A paper on Multispectral Imaging has been published on Heritage Science, “Identification of pigments by multispectral imaging a flowchart method” 2:8, 2014.
In this paper I provide a flowchart method to use the multispectral imaging to tentatively identify pigments. I have been posting extensively on this idea for a while on the “Cultural Heritage Science Open Source” blog and this paper summarized all that thoughts, tests and trials. This post introduces also an online searchable database which collect the same data in the paper. It adds the possibility to search the 56 pigments based on their MSI (MultiSpectral Imaging) properties.
From the Abstract: “The literature on the application of Multispectral and Hyperspectral imaging for identification of pigments on artworks is sparse. While these methods do not provide the analytical capability that spectroscopies do offer, the use of spectral imaging has the advantage of being a rapid and relatively low-cost solution for the examination of
large areas. This paper presents a flowchart for the identification of historical pigments applied with gum Arabic using multispectral imaging (wavelength ranging from 360 to 1700 nm) performed with a modified digital camera for infrared, visible and ultraviolet photography; and an InGaAs camera for infrared reflectography. The flowchart method will be most successful on paint made of one layer of pure pigment, and it can selectively discriminate only a fraction of the 56 pigments analyzed. Though, considerably limited in its analytical capabilities, the low cost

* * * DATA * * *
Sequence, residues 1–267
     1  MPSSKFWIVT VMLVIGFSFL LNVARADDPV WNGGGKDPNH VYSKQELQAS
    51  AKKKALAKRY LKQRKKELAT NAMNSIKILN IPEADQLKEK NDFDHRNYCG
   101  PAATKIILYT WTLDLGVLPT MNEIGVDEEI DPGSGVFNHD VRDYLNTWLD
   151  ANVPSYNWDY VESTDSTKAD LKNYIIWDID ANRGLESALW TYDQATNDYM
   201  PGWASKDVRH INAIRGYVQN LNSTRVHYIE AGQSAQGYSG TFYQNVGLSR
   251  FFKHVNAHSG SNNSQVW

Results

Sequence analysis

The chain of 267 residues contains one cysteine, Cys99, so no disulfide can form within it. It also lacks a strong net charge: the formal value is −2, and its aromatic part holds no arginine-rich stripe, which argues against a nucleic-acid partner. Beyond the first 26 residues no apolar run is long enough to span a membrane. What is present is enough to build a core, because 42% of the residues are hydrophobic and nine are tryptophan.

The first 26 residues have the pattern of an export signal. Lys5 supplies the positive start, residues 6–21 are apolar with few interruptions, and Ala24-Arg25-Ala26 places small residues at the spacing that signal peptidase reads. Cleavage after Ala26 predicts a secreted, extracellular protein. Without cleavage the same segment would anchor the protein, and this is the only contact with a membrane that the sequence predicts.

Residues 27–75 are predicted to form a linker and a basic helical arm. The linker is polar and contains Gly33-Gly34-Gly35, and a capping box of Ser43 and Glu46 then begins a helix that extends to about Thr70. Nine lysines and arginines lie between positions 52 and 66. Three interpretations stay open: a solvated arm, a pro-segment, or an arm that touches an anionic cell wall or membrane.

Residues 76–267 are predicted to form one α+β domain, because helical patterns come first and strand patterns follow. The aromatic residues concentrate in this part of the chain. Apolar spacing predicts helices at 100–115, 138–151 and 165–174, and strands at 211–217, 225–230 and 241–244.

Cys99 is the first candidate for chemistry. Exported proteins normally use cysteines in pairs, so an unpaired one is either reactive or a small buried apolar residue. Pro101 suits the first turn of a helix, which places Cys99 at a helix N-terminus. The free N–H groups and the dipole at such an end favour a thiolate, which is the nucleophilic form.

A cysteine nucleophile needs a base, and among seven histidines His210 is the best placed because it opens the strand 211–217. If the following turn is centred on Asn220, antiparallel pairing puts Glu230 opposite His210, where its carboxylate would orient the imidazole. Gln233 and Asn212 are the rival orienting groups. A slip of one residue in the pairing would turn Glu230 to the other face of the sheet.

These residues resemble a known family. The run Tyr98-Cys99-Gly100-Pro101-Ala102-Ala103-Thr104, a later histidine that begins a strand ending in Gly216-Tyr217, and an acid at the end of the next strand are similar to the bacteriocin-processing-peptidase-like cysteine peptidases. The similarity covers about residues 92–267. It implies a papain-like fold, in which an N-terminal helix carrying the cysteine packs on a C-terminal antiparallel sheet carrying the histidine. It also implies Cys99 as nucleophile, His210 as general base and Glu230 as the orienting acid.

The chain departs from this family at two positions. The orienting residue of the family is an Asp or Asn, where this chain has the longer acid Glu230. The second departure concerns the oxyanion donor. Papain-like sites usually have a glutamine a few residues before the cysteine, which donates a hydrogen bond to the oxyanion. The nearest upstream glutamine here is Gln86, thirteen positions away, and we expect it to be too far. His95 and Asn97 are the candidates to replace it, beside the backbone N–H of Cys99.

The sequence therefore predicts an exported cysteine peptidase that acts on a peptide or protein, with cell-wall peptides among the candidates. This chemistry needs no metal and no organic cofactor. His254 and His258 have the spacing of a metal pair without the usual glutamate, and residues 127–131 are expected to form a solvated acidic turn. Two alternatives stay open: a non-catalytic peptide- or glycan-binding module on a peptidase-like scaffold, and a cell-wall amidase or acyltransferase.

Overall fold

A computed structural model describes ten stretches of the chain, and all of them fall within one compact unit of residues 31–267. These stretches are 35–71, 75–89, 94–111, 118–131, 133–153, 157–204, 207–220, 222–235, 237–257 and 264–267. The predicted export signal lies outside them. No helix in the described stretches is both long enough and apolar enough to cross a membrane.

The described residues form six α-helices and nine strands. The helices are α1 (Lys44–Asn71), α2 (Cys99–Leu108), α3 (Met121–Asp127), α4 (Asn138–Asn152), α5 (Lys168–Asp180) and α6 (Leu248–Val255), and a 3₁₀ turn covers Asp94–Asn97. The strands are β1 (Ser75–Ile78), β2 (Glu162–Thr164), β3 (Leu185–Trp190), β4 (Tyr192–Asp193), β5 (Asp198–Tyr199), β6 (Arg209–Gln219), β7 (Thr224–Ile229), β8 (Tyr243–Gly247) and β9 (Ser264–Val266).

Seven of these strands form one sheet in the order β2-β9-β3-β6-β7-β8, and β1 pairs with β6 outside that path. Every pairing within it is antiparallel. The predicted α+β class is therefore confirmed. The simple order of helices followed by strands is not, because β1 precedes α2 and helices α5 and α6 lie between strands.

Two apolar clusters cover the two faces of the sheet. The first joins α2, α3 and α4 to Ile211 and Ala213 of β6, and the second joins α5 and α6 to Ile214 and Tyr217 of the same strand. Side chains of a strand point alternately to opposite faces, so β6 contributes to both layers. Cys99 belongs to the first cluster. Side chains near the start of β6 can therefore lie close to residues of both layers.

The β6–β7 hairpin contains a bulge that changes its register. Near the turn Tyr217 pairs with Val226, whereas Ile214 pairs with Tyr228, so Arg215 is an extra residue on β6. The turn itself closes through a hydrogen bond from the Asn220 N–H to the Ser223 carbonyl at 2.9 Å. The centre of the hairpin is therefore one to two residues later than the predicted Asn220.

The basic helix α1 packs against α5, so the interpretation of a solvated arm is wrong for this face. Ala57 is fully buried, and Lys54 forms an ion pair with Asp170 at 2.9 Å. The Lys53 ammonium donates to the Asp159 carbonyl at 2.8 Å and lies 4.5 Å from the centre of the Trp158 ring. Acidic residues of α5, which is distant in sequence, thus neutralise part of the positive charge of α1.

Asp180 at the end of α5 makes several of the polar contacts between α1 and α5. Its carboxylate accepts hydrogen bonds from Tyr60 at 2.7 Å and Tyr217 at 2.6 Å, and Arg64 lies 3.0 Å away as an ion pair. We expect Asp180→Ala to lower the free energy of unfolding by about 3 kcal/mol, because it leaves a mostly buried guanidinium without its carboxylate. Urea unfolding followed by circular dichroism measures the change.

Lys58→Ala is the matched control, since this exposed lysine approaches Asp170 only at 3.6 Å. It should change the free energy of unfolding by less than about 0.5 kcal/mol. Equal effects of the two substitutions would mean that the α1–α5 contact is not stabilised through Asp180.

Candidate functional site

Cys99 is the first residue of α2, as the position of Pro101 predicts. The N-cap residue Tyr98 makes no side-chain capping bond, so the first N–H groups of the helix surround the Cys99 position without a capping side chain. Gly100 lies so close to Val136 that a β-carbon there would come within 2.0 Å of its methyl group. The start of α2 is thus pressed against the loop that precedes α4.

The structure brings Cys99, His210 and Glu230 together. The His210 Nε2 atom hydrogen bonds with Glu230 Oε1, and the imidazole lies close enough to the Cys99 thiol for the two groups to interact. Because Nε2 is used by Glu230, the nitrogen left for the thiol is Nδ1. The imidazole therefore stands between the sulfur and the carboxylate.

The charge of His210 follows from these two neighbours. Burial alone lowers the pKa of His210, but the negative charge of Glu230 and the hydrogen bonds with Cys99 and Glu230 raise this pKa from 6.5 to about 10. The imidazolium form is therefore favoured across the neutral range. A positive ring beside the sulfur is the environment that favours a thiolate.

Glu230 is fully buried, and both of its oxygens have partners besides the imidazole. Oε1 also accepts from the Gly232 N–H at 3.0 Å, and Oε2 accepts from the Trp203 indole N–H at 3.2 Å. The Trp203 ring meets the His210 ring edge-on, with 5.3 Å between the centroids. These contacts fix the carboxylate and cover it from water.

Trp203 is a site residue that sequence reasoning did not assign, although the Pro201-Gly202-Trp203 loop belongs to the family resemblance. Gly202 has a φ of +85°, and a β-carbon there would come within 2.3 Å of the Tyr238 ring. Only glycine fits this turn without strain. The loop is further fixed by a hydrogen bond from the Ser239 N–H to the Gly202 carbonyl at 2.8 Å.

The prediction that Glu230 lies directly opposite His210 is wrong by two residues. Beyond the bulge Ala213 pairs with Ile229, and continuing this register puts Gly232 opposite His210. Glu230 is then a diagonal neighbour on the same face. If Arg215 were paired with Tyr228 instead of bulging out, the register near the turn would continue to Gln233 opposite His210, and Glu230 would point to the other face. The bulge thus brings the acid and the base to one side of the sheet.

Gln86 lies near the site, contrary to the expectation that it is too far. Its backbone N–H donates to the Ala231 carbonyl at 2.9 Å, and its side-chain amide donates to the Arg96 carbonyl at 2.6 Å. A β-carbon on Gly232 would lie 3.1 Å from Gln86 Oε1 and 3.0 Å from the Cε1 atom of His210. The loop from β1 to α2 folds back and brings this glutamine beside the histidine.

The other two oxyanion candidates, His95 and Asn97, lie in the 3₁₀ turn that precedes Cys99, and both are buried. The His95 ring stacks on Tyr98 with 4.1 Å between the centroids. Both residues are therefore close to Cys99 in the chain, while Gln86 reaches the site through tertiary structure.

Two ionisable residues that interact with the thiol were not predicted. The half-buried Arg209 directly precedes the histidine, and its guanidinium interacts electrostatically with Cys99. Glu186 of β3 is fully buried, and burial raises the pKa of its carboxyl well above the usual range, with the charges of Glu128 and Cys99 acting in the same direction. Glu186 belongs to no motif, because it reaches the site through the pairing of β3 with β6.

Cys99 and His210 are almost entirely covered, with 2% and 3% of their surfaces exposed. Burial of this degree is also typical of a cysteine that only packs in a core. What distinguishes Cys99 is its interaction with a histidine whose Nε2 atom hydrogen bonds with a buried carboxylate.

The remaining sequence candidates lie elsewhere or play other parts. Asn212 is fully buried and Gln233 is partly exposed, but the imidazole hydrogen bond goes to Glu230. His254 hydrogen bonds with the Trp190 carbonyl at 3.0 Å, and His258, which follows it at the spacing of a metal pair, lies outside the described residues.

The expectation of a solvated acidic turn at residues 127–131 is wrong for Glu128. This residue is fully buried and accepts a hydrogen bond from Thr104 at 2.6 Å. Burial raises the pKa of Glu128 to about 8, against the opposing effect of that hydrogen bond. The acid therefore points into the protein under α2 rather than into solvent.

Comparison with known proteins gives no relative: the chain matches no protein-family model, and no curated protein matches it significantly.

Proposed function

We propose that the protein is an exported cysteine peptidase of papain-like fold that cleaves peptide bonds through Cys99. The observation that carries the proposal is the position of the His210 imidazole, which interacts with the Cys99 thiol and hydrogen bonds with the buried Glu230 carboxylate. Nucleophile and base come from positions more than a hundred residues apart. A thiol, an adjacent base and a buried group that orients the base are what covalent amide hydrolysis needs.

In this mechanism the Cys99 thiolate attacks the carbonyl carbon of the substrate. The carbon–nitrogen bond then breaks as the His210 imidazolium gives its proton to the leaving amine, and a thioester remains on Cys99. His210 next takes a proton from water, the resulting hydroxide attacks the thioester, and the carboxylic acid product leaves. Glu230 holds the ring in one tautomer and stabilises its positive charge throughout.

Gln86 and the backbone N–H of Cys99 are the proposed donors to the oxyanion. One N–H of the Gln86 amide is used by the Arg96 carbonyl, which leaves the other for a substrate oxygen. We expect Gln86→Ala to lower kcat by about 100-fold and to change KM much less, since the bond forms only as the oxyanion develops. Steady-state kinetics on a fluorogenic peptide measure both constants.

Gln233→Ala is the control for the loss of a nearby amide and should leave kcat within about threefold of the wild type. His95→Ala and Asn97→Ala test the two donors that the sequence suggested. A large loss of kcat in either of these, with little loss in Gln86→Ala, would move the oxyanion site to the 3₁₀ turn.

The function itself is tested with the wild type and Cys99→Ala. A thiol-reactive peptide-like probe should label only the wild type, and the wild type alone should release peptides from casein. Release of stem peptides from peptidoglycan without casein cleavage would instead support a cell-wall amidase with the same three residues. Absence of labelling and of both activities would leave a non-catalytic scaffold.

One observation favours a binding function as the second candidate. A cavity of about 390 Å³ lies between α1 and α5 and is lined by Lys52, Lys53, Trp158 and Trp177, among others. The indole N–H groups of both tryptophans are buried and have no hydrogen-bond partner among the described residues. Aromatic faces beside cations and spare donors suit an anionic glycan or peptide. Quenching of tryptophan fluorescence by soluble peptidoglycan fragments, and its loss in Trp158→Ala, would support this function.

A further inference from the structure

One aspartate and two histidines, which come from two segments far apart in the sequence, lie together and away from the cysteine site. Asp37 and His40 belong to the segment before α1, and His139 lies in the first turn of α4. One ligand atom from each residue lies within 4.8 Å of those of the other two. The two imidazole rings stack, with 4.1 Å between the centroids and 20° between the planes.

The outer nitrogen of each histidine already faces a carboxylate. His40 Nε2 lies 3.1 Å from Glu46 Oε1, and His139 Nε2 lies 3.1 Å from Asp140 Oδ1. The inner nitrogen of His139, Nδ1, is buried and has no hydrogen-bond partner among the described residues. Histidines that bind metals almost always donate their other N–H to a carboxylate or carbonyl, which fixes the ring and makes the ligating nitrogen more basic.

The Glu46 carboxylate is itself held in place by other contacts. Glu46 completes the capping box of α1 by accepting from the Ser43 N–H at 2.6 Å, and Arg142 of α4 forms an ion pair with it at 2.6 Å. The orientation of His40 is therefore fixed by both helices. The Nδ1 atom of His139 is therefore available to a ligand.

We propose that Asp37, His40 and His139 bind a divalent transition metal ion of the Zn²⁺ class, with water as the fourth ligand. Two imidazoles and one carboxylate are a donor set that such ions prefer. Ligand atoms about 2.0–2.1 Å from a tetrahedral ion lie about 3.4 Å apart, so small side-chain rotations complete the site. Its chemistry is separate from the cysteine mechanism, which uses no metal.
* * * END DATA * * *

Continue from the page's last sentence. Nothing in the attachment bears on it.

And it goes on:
and speed of the workflow make the method worthwhile, even if only to localize retouching and areas appearing the same hue but painted with different pigments. The InGaAs camera is the only expensive instrument used in this study but its cost is relatively affordable for the average painting conservation studio since only a model with a low
pixel count is required (320×256 pixels) rather than a more sophisticated InGaAs scanner system.”
This paper presents the “Pigments checker“. I make it with Kremer pigments and the overall idea is to have a standard test panel to be used to test different equipment (Imaging and Analytical). I do provide it or the mini pigment checker (selection of 18 historical pigments) as a gift, respectively, for institutions or professionals that require my training program on multispectral imaging.
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